By KC of the Dragon Common Room
Competing groups were seen on Thomas Street,
arrayed in festive and archaic clothes,
and following behind with marching feet
their acolytes on Eve of All Hallows.’
The first group chanted solemnly, downbeat.
The next cackled with laughter like some crows.
One warned that fêting evil leads to death;
the next dismissed that as a shibboleth.
The mournful melody of mindful monks
kept chanting with the rhythm of their steps,
unmoved by drunken men acting like punks,
who were, de facto, Satan’s intercepts.
“The people,” so they thought, “had simply drunk
from deep within the well of modern texts.”
Continuing their march, they were unfazed,
and prayed as if it were the End of Days.
For their part, all those old marauding boys
kept right on laughing, drinking, having fun,
and singing songs and making lots of noise.
They acted like some battle had been won!
“Just look,” they said, “at all of those killjoys!
You’d think the Father never sent the Son!”
And with that smug derision strode along
while greeting other costume-wearing throngs.
As parents brought young children door-to-door,
in silly costumes, innocent and sweet,
the teenagers preferred the look of gore
and playing tricks on people in the street.
Each house dressed up in Halloween décor
invited everyone outside to meet
on porches and in yards under the moon
when history and folklore are oppugned.
For on this night of all nights, so they say,
the veil that keeps the darkness from the light,
betwixt the death of night and life of day,
is thinnest, and there is a mass invite.
From Hell or Purgatory, come they may,
and they do come for mercy or for spite.
The Penitents and Damned come out to beg,
for sweet relief—or curses on your head!
The monks passed the marauders on the street,
and then an odd cacophony was heard.
Not chanting or enchanting laughter sweet,
but keening mixed with low guttural slurs.
“Oh, pity me! A soul cake or a treat!”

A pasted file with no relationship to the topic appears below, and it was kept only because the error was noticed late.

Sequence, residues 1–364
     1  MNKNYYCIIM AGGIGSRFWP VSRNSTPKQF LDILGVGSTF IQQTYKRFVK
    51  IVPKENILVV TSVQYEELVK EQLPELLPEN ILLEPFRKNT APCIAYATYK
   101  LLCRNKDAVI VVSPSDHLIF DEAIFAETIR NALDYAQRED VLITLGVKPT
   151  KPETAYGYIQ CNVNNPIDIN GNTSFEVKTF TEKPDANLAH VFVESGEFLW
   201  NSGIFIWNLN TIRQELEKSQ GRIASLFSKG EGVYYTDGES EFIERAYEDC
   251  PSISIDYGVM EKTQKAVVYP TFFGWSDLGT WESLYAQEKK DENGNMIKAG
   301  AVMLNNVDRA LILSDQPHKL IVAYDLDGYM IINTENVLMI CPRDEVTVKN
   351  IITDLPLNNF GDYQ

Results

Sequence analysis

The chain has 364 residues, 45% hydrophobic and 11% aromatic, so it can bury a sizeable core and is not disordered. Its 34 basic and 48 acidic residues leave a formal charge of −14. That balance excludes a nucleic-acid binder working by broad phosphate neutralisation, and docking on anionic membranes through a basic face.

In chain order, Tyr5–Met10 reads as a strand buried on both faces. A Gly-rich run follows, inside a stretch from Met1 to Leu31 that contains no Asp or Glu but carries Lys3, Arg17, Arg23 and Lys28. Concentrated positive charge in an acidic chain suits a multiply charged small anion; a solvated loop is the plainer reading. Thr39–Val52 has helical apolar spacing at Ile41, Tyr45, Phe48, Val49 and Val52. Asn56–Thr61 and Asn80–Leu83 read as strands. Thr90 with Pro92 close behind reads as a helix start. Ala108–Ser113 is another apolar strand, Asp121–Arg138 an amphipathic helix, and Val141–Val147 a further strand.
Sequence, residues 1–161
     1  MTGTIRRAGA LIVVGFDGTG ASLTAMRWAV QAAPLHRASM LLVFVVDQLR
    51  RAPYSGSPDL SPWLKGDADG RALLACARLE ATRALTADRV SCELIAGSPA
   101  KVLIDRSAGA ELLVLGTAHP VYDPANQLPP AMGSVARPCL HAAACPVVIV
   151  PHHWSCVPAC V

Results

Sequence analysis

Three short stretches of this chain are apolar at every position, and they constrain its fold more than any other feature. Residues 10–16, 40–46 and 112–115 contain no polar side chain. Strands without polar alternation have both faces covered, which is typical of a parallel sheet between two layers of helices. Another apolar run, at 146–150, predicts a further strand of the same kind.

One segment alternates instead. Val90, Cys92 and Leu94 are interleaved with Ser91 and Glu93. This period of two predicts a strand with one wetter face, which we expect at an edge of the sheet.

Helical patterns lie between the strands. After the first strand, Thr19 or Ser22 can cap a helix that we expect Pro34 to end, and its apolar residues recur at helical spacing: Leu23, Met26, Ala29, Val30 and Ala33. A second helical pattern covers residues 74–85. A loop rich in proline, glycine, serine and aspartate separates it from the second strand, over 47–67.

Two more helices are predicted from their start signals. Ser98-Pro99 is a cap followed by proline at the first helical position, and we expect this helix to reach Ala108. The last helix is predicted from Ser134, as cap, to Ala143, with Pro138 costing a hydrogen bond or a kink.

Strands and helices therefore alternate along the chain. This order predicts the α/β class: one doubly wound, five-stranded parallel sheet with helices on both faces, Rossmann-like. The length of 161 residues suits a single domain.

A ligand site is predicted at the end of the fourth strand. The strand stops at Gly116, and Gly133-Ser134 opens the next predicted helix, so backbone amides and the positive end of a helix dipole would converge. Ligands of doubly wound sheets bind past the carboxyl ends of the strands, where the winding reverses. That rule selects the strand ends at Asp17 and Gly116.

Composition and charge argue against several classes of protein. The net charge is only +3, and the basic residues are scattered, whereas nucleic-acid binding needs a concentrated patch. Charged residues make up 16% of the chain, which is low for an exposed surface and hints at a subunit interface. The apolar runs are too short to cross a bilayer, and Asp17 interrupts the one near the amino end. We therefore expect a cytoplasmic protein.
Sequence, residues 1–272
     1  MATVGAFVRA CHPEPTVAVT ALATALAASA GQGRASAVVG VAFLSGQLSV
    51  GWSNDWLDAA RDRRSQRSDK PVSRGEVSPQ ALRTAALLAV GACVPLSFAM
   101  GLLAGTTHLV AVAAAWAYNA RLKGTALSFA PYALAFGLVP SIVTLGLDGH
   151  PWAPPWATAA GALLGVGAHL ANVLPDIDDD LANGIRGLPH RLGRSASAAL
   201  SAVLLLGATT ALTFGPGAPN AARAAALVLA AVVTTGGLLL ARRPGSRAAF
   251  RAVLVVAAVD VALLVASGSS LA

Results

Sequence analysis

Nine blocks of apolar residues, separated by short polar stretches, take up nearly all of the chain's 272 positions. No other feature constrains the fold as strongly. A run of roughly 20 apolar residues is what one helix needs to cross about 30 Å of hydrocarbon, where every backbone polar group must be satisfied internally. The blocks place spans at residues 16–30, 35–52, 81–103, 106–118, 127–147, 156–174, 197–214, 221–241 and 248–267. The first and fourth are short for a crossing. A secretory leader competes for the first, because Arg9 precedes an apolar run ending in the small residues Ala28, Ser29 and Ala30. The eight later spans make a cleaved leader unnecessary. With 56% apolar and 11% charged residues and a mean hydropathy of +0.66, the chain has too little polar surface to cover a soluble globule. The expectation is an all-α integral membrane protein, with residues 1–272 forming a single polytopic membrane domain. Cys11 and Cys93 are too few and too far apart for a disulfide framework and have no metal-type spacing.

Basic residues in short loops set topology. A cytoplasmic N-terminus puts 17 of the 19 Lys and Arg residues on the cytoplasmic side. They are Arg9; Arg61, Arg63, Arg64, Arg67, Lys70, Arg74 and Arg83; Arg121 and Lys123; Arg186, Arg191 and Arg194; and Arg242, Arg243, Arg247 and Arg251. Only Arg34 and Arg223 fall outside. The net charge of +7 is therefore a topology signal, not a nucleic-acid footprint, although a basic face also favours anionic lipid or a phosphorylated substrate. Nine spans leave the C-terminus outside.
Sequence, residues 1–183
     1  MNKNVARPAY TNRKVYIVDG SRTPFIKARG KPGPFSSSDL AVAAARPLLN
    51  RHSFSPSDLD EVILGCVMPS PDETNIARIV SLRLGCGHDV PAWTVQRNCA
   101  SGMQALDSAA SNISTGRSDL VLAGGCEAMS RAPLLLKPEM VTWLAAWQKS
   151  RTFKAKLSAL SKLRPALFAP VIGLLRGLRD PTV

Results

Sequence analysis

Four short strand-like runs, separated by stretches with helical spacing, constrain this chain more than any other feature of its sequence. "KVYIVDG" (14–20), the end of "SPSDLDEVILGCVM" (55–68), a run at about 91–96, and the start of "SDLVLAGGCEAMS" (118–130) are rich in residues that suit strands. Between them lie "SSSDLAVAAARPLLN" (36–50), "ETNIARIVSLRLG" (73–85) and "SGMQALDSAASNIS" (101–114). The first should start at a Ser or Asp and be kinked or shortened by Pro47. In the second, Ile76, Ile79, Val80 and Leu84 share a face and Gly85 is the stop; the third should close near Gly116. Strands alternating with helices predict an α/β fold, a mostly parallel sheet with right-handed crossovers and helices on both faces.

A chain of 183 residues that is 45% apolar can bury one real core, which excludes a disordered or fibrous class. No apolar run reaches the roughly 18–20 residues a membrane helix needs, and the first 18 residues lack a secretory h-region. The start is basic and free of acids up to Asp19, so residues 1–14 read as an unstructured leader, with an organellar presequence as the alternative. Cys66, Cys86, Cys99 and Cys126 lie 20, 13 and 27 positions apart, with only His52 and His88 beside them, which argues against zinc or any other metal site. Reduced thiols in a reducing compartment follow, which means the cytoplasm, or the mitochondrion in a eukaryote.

“You damned, wretched Trinitarian curs!”
The monks kept up their prayers for saving grace.
The old boys kept their partying apace.
As night rolled on and demons kept their flight,
and penitents kept pleading for their cause;
as children’s dreams were fueled by sugary bites
and moms and dads were grateful for a pause;
the monks went back to Vespers for the night.
The old boys stammered out a last “Hurrah!”
Then evening started turning into day,
and demons were succumbing to dismay.
The veil that parted, granting them parole,
began to close when darkness neared its end.
The penitents, those called the Holy Souls,
turned ‘round as one as they began to wend.
The raging demons, desperate for control,
were cursing, begging, screeching, “Hell forfend!”
They craved, with burning lust, man’s ruination,
and prowled the world to hasten his damnation.
But penitents don’t rage, so they kept keening;
their hour had come and not one moment more.
Though anxious for an answer to their pleading,
they faithfully walked back to that far shore.
The demons were pulled in kicking and screaming;
their nails and hooves were clawing at the floor.
While all the saints and sinners finally slept,
the monks finished the vigil that they kept.
We have been working hard in the Dragon Common Room on our next big poem.
Visit our website at dragoncommonroom.com for updates!